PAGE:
Spring 2013

Weisman decodes college culture

Weisman decodes college culture
Jonathan Cohen
Entrepreneur Michael Weisman '98 recently sold his business for $40 million.

When Michael Weisman ’98 returned to Binghamton last fall, he told students about a road trip he and his childhood friend Eric Reich took in 1999 to a Buffalo Bills football game in Washington. While Reich drove, Weisman filled a notepad with ideas for business ventures that could be entered into a competition sponsored by the University at Buffalo MBA program. Some of those scribbles turned into a first prize of $25,000 and, later, a $40 million business.

Weisman and Reich co-founded Student Voice, which subsequently became Campus Labs. The company works with colleges and universities — including Binghamton University — on student assessment projects. He says the business filled a need in the marketplace — the quick collection and reporting of data on college students. The concept was based on Reich’s summer internship at MTV, where it took six months to complete similar projects.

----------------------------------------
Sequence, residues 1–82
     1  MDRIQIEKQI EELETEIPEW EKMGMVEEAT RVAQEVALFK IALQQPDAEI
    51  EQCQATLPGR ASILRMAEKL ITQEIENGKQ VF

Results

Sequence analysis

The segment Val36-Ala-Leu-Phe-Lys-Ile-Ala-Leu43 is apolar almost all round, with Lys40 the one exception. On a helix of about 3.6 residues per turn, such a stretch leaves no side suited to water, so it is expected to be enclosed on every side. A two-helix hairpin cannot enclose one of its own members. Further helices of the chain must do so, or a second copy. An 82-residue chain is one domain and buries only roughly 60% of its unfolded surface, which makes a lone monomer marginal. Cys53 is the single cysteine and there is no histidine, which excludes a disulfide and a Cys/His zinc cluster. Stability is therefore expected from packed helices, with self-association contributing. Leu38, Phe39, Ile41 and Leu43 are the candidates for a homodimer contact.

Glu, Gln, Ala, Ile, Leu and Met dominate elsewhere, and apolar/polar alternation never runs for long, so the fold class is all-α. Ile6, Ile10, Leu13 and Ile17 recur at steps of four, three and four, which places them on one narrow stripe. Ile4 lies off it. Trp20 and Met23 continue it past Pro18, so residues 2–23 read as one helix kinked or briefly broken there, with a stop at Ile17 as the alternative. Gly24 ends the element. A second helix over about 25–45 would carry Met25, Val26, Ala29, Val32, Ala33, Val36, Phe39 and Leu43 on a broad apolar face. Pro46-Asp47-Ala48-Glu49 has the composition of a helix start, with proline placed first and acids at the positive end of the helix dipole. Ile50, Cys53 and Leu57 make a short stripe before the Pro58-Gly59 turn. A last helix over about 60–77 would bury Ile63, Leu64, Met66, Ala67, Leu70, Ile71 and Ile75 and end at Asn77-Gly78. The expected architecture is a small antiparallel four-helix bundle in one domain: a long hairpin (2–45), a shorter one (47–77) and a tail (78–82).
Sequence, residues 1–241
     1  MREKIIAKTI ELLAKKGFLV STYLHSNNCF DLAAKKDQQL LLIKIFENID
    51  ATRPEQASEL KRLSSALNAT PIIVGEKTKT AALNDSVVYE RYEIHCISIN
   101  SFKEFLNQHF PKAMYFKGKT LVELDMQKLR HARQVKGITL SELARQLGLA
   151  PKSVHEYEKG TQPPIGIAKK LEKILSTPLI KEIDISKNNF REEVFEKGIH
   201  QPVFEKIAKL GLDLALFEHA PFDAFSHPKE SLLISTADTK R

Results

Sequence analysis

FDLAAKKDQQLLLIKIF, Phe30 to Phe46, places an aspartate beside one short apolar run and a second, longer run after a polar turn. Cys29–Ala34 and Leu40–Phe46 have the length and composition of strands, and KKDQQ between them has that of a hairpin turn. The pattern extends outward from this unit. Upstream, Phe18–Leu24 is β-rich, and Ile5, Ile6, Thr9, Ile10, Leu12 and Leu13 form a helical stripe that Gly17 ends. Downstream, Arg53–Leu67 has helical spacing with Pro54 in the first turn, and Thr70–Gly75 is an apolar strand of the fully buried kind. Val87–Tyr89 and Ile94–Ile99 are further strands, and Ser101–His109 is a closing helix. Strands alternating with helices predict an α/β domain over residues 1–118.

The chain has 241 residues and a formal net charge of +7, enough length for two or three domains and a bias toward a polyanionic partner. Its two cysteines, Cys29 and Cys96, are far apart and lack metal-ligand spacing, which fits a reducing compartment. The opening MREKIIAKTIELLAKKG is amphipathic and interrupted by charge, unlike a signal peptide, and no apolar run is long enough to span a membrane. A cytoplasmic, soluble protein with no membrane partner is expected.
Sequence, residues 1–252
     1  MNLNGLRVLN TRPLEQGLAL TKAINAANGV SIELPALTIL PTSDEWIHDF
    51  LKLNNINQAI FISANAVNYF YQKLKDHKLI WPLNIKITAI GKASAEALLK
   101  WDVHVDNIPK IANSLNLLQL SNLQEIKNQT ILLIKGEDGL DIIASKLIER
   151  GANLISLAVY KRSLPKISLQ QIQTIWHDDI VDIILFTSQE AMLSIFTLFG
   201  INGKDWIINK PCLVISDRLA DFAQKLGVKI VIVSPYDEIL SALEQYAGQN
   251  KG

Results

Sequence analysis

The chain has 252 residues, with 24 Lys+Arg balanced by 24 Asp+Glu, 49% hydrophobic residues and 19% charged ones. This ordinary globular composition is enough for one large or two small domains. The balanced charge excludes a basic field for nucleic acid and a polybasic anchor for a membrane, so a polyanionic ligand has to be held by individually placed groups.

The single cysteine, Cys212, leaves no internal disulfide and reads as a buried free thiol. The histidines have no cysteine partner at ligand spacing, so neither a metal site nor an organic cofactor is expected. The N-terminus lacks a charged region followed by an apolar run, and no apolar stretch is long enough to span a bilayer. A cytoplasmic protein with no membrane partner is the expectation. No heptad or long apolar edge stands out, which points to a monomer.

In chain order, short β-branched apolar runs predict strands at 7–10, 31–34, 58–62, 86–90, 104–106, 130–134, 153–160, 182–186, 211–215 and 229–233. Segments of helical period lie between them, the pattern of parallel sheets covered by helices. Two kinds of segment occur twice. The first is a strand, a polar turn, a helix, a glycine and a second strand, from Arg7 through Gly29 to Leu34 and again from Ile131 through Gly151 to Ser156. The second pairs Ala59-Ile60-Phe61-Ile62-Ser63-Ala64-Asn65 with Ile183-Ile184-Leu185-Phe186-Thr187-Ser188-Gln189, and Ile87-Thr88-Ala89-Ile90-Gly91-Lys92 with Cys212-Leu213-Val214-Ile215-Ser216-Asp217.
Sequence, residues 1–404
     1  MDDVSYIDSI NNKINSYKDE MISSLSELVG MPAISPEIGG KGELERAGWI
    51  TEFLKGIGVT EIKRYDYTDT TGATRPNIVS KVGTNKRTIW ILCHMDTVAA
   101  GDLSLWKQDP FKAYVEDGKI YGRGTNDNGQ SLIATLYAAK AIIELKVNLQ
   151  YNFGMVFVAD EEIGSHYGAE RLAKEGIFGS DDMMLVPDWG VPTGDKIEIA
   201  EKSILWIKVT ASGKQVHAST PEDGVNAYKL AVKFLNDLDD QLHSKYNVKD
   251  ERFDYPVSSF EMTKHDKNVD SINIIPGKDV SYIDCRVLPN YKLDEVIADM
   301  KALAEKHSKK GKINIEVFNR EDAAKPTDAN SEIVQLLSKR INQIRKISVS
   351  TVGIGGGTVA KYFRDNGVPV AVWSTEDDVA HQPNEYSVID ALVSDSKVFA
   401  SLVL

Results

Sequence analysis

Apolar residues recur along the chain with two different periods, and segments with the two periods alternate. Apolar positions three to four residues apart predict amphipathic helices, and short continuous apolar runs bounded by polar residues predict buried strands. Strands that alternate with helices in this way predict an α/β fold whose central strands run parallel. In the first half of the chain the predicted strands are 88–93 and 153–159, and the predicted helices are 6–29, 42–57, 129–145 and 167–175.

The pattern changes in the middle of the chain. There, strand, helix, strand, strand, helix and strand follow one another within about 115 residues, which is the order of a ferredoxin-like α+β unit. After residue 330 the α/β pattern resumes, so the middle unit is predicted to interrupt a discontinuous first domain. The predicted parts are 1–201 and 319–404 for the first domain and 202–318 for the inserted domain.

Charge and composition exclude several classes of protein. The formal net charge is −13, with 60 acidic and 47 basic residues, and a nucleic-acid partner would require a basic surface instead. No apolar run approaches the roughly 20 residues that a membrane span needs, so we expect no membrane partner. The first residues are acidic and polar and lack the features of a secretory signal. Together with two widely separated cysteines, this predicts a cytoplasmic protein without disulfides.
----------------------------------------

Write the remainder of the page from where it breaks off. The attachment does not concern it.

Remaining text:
“Life was speeding up, and trends were speeding up,” says Weisman, who majored in anthropology at Binghamton. “If you didn’t have your finger on the pulse, you would be out of date.”

The pair started their company in Buffalo, their hometown. Weisman remembers lean times, when they made do with refurbished computers and old furniture. They drew no salary for the first two years.

“It’s one thing to draft a business plan in a vacuum,” he says. “It’s another to implement it. We quickly learned how challenging it was. It took 11 years of hard work, and it is entertaining to reflect on the experience and results.”

Their gamble paid off as the company obtained hundreds of clients in the ensuing years. Last summer, Connecticut-based Higher One Holdings acquired the company for $40 million. Weisman is still involved with Campus Labs as executive vice president and says this newfound wealth hasn’t changed anything.

“I haven’t had much time to think of another venture,” Weisman says. “I’ve been laser-focused on what I do now, and I have no interest in changing positions. This is what I know. This is what I love to do.”